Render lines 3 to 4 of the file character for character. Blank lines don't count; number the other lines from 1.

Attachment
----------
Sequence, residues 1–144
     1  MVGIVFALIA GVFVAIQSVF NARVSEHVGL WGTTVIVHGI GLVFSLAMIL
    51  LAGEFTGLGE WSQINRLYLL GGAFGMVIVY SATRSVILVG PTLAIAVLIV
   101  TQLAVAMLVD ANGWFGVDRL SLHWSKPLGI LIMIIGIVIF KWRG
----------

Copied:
    51  LAGEFTGLGE WSQINRLYLL GGAFGMVIVY SATRSVILVG PTLAIAVLIV
   101  TQLAVAMLVD ANGWFGVDRL SLHWSKPLGI LIMIIGIVIF KWRG